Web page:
Most of the publicity shots taken of the band Bauhaus are in black and white. This is a fact which is well known, however, the reason behind this has never truly been revealed. For years it has been wrongly assumed by fans and music journalists alike that this was an aesthetic choice, to match the band’s taste in stark monochromatic clothing and stage lighting. Nor is it as a tribute to the silent German Expressionist films and Cinema Noir which the members, three out of four having attended art school, drew much of their stylistic inspiration from. The actual reason was an accident. You see, there can only be a certain amount of colour in any given roll of photographic film. If there is too much colour, then all the colour in the roll of film is lost as it is too much for the human eye to handle. It’s like looking at the sun, you just can’t do it. It’s a safety precaution taken by the companies that make the film. What happened when photographers attempted to take pictures of the band, was the photographs lost all of their colour instantly, because Peter Murphy’s eyes were so blue it would have been dangerous to the human eye. Not only that, the camera lens would often get overwhelmed and give off an electrostatic charge, resulting in Daniel Ash’s gravity-defying hair in certain images.It would also give him the temporary power of x-ray vision. This was the inspiration for the song ‘’The Man with X-Ray Eyes’ from their 1981 album Mask. During this time, Ash also served a brief stint working as a suitcase inspector at Birmingham airport, though he soon quit, after witnessing a terror couple kill a colonel in the departure lounge.
I noticed something about the projector slide show in Nathan’s dorm that /u/Paddo_In_Wonderland on the LiS subreddit also picked up on. The slides appear to be very similar to the 1920’s Robert Wiene horror film The Cabinet of Dr. Caligari. Obviously, Nathan has a huge film collection which Max comments on as being pretty dark, so it’s not super surprising that Nathan watches old creepy German expressionist films in the dark.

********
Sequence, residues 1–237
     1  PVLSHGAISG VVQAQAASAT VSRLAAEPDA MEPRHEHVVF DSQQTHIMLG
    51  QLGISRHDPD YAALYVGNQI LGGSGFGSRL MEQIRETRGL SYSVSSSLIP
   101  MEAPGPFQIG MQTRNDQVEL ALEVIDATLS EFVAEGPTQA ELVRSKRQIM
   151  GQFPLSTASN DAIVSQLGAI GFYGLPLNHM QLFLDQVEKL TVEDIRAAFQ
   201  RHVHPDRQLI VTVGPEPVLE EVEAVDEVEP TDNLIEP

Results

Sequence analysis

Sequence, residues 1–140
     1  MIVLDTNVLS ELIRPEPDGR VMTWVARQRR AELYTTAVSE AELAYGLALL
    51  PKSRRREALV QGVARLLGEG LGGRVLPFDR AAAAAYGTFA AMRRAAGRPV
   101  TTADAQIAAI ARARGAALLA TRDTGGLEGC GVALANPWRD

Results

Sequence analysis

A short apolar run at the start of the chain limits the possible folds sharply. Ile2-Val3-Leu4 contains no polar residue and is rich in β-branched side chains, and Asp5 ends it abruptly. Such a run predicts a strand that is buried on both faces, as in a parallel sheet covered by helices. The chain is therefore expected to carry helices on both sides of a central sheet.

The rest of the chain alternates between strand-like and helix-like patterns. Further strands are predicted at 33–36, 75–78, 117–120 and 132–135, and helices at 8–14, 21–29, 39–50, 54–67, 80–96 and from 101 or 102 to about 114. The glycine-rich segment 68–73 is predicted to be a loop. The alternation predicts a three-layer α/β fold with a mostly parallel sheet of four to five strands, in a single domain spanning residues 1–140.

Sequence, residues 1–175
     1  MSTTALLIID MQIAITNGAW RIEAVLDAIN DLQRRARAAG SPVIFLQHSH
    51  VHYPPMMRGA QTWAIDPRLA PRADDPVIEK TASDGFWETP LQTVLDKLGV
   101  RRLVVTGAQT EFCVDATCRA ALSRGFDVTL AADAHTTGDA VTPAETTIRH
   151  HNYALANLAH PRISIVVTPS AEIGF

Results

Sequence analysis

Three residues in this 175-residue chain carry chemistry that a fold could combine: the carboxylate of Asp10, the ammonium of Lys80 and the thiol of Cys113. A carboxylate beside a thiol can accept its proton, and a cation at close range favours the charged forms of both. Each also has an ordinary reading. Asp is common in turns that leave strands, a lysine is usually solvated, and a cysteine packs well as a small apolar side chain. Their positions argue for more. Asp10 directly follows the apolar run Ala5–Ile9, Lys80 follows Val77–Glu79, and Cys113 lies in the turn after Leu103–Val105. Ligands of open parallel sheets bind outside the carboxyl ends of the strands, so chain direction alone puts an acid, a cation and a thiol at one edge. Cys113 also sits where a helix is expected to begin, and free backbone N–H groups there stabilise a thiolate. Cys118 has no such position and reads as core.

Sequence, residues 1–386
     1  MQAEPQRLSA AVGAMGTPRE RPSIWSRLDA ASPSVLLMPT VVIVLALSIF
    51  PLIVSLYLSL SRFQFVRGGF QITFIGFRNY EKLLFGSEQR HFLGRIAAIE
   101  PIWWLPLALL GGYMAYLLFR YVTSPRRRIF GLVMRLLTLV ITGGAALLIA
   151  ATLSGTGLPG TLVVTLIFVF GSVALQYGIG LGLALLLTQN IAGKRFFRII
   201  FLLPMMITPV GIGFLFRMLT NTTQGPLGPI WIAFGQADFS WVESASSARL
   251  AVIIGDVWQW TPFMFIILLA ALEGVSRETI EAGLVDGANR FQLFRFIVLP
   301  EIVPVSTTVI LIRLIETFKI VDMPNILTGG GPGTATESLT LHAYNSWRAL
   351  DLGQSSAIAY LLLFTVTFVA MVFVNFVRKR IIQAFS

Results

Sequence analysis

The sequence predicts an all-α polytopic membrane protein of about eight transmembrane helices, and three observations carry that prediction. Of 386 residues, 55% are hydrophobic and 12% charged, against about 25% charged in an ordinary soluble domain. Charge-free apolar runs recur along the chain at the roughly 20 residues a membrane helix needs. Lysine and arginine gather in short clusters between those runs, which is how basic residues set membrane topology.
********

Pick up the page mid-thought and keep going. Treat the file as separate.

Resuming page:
What’s interesting is that The Cabinet of Dr. Caligari revolves around a crazy hypnotist who has a thing for commiting murders. Rather than commit them himself, he uses a somnambulist (a sleepwalker, for those unversed in their Latin roots) to commit the murders for him.
Could the allusion to this film in Nathan’s dorm be a hint at Nate and Mark’s true relationship? I wouldn’t go so far as to say that Nathan has been sleepwalking through the despicable acts he commits througout the game, but it’s possible that Caligari is meant to represent Jefferson, Cesare (the sleepwalker) is Nathan, the murders are Jefferson’s kidnappings, and perhaps the sleepwalking itself is a reference to Nathan’s mental and emotional weakness and hazy morals, making him an easy target for manipulation.
Then again, Cabinet ends on a twist, revealing that Francis, the main character who is telling most of the story, is actually a patient in an insane asylum along with the Sleepwalker, Dr. Caligari is the asylum director, and the entire film was a delusion. So maybe Max and Nathan are both crazy and Jefferson is just a kindly asylum director who is trying to cure the crazy protagonist? Who knows.
I thought this video was pretty cool! Someone went and collected footage from various Expressionist films and TIm Burton films to do a side by side comparison.
What I thought was hilarious though, was that the background music was a compilation of main themes from various Burton movies, except the last theme is from Pee-Wee Herman’s Big Adventure, which is NOT featured in the compilation.
TVLINE | I once asked [showrunner] Erica Messer what is it that you bring to these episodes that they’re typically especially creepy, and she suggested the writers put their “extra-twisted hat” on for you. [Laughs] I think that’s pretty accurate!
TVLINE | Why do you think the episodes you direct tend to be particularly unsettling?
You know, I try to approach directing from the most classic standpoint imaginable. A lot of my influences are from the old German expressionist films, and early film noir. I think it’s a slower-paced, more subjective, less gory style of directing, and that services our episodes really well. People will always be the most scared of what they can’t see, so doing that will always make these episodes extra creepy. Showing a bit of restraint is, I think, integral to good, spooky filmmaking.